Israel/Occupied Territories: New report condemns demolition of two Palestinian homes a day
The organisation is calling on Israel to halt all unlawful destruction of homes and land, including the expansion of Israeli settlements and the building of the â€œsecurity fenceâ€ in the Occupied Territories. The Palestinian Authority is also urged to take measures to prevent attacks by Palestinian armed groups on civilians.
In the last three and half years, Israelâ€™s armed forces have bulldozed or blown up more than 3,000 homes - an average rate of more than two homes a day. This has left tens of thousands of men, Women's rights's rightss rights's rights's rights's rights and Children's rights homeless or without a livelihood.
The 65-page report, â€˜Under the rubble: house demolition and destruction of land and propertyâ€™, shows that planning and building policies in Israel are discriminatory. Palestinians in the West Bank and Gaza Strip are routinely denied building permits and face the threat of demolition of their homes.
Instead, Jewish settlers have built thousands of properties at over 150 settlements on occupied territory in violation of international law and have regularly received retroactive permits. Meanwhile, the demolition of homes without building permits in the Jewish sector of Israel is almost unheard of.
In addition to unfair building regulations, the Israeli authorities regularly cite â€œmilitary/securityâ€ reasons to justify demolishing houses or to â€œtemporarilyâ€ seize land that is invariably never returned to its Palestinian owners. Most cases of demolition are not subject to legal supervision or appeal and they sometimes occur in circumstances of artillery and heavy weapon attacks by the Israeli army.
Amnesty International UK Director Kate Allen said:
â€œThousands of Palestinian homes have been destroyed as a consequence of Israelâ€™s discriminatory practice of effectively denying Palestinians building permits.
â€œOften the only warning is the rumbling of the Israeli armyâ€™s bulldozers and tanks and the inhabitants barely have time to flee as the bulldozers begin to tear down the walls of their homes.â€
Homes are not only torn down because families are unable to obtain a building permit. Hundreds of houses have also been destroyed in punitive armed operations carried out against the families of known or suspected Palestinian attackers. Around 500 houses have been destroyed in this fashion in the West Bank and Gaza since 2001. These have regularly involved heavily armed attacks on whole groups of houses and the destruction of houses neighbouring the property targeted.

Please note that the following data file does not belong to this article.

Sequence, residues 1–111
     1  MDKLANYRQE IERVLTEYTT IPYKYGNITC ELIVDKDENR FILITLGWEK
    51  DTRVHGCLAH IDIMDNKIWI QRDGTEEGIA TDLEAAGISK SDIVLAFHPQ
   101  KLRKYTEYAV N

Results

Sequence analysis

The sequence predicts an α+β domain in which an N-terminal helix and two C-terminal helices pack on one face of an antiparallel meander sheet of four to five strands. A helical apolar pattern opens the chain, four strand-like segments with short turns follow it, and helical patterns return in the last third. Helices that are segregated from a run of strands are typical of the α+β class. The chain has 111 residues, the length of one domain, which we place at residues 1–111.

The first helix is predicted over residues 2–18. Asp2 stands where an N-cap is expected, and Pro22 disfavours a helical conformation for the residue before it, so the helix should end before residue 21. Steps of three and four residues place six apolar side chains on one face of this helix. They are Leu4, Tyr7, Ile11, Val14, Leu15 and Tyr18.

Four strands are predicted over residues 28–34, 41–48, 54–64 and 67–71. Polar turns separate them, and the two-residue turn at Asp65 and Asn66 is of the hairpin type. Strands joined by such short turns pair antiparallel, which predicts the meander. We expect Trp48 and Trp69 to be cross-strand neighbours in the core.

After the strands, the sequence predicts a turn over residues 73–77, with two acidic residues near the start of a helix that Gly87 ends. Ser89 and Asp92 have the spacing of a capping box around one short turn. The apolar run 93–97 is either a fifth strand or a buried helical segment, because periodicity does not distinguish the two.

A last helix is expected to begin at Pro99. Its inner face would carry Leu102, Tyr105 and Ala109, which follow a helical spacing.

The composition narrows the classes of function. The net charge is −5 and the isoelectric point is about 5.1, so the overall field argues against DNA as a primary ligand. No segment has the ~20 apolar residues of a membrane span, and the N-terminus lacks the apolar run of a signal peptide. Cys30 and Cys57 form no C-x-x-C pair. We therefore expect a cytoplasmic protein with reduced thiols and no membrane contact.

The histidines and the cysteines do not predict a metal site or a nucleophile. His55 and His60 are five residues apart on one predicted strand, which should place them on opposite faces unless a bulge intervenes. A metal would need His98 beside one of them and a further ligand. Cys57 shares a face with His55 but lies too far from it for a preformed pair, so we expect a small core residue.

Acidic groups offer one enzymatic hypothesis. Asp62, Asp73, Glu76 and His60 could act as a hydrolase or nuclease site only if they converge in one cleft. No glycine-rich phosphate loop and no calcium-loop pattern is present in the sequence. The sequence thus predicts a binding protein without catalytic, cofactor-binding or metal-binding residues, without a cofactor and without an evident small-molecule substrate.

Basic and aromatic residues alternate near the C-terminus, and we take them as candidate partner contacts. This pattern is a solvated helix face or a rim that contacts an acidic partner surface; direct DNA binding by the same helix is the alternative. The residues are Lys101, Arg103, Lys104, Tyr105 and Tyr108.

In one case last year a pregnant woman was killed in her bed in the middle of the night after Israeli soldiers blew up a neighbouring house in the al-Bureij refugee camp in the Gaza Strip. In a separate case, 68 people - including 53 Women's rights's rightss rights's rights's rights's rights and Children's rights - were made homeless when the Israeli army blew up an eight-storey apartment building in the Wad Abu Kteila district of Hebron.
In a third case discussed in the report, a 25-year-old paraplegic manâ€™s house - built to allow him wheelchair access - was destroyed by the army because it was on land taken over by the state. When the manâ€™s parents protested, the police beat the manâ€™s father and his brother.
Kate Allen added:
â€œIn numerous instances where the Israeli army have blown up the houses of relatives of suicide bombers it has committed a flagrant form of collective punishment, explicitly forbidden under international law.
â€œIsraelâ€™s collective punishments have extended to buildings only tenously linked to Palestinian armed attackers and in many instances to buildings without any apparent connection to suspected attackers.
â€œThese acts constitute war crimes.â€
In addition, Amnesty internationalâ€™s report shows that Israelâ€™s â€œmilitary/securityâ€ justification is so wide that almost no Palestinian/Israeli Arab property or plot of land is secure from destruction or seizure. Under the Israeli armyâ€™s interpretation of international humanitarian law - given the spread of Israeli settlements, settlersâ€™ roads and army positions throughout the densely populated Gaza Strip next to Palestinian refugee camps, towns and villages - virtually every building or stretch of land in the Gaza Strip could potentially be considered a threat and a target for military demolition.
According to the United Nations, more than 2,000 homes in Gaza alone have been destroyed in the last three years and 10% of the agricultural land. In the West Bank, almost 90% of Israelâ€™s fence/wall is being built on occupied territory and at least 600 homes have been destroyed.
In the period 2002-3 the destruction of agricultural land in Gaza has seen an estimated 1,800 acres destroyed â€“ including 226,000 trees. This destruction has included the ripping up of olive, citrus, date and almond trees (ripped up from the roots, seemingly to prevent them growing again), the bulldozing of electricity poles and the filling in or smashing up of hundreds of wells, water pumps and containers.
Read the report ...